Cost of Higher Education: National Discussion and Debate Series
Since the mid-1980s, the costs of higher education in America have steadily shifted from the taxpayer to the student and family. As state funding has dwindled, colleges and universities have sought to fill these gaps through a variety of avenues, including philanthropy and research support, but the area of highest growth has been tuition. The share of institutional budgets provided by tuition increased from 22% in 1985 to 36% in 2005. As state budgets slip further into structural deficit, there is no reason to think this trend will reverse itself.
Resolved: The business model of higher education is broken
Arguing for the resolution:
William E. Kirwan, Chancellor of the University System of Maryland, is a nationally recognized authority on critical issues shaping the higher education landscape. He served as President of Ohio State University from 1998 to 2002, and President of the University of Maryland, College Park from 1988 to 1998. Prior to his presidency, he was a member of the University of Maryland faculty for 24 years. Kirwan chairs the College Board's Commission on Access, Admissions, and Success in Higher Education.
Gail O. Mellow is President of LaGuardia Community College in Long Island City, Queens. She is a nationally recognized expert on the history, development and future of the American community college. She is the co-author of Minding the Dream: The Process and Practice of the American Community College (2008). Mellow serves as a commissioner on the Business Roundtable's Springboard Project, which offers recommendations to strengthen the American workforce by highlighting the important role of community colleges.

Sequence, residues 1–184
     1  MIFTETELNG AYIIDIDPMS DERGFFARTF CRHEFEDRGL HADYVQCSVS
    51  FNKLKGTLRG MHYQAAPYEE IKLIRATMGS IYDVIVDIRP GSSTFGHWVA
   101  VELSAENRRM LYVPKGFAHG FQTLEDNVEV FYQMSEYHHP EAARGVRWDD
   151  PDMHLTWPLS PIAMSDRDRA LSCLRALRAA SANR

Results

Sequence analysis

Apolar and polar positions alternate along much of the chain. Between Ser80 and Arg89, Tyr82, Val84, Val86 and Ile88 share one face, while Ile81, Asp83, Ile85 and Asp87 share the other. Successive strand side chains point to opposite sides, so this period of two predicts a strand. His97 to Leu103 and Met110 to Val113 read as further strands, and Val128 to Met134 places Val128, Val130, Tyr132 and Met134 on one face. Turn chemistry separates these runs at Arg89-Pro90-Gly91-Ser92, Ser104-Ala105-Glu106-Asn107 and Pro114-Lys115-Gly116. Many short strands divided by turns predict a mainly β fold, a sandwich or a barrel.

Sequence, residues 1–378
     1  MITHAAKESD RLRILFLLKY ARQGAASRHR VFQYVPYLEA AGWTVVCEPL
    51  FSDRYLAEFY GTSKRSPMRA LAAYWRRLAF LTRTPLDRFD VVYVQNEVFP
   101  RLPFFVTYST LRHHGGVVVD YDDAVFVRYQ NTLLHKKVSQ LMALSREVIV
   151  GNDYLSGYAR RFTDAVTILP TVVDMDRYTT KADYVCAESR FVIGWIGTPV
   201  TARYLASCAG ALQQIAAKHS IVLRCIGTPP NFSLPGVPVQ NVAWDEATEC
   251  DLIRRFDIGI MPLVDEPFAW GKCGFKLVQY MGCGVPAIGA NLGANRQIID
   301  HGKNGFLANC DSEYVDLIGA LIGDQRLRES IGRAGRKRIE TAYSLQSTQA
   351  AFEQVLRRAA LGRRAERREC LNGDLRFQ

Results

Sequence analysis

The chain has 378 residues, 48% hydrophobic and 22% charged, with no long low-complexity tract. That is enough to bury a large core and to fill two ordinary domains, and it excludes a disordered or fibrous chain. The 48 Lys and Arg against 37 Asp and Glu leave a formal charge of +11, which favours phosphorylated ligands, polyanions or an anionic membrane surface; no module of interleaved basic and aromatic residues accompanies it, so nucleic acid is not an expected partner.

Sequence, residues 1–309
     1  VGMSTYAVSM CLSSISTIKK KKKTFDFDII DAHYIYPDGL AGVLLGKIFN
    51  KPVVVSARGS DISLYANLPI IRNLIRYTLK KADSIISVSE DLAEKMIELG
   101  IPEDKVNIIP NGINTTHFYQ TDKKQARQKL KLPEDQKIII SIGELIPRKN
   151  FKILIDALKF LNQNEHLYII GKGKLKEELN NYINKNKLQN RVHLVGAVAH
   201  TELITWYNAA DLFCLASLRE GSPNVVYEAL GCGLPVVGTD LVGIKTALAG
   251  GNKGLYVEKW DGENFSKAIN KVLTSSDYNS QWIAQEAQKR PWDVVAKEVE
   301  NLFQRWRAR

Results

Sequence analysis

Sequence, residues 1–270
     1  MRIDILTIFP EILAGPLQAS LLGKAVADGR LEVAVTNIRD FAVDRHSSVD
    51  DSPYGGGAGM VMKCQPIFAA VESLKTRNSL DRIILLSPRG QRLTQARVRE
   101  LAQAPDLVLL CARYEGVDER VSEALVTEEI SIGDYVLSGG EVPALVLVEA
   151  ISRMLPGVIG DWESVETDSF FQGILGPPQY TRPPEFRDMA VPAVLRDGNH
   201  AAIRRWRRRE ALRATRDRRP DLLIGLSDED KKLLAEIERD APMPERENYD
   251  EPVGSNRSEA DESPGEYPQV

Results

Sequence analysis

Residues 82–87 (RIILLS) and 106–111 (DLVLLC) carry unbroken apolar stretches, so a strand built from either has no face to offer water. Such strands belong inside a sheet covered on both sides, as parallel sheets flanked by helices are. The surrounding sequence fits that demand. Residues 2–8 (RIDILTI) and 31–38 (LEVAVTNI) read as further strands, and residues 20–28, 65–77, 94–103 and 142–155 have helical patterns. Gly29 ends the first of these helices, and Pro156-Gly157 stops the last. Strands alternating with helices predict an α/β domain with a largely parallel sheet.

Arguing against the resolution:
Richard C. Levin, Frederick William Beinecke Professor of Economics, has been President of Yale University since 1993. Before becoming President, he chaired the Economics Department and served as Dean of Yale's Graduate School of Arts and Sciences. Levin is recognized as an advocate and leader of the emerging role of higher education in responding to the challenge of sustainable development locally and globally. He serves on the President's Council of Advisors for Science and Technology.
Daniel Hamburger is President and Chief Executive Officer of DeVry Inc., a publicly held, global provider of educational services. He joined DeVry in 2002 as Executive Vice President, responsible for DeVry's online operations and Becker Professional Review. He was named President and Chief Operating Officer in 2004 and Chief Executive Officer in 2006.
Ray Suarez has been a Senior Correspondent for the PBS NewsHour since 1999. His most recent book is The Holy Vote, examining the relationship between religion and politics in America, and his work has appeared in the New York Times,Washington Post, and Chicago Tribune. A former host of NPR's Talk of the Nation, Suarez has worked for CNN, ABC Radio Network, and CBS Radio. Suarez hosts the monthly public radio foreign affairs series America Abroad for PRI, and is narrator of RadioWorks, the documentary unit of American Public Media.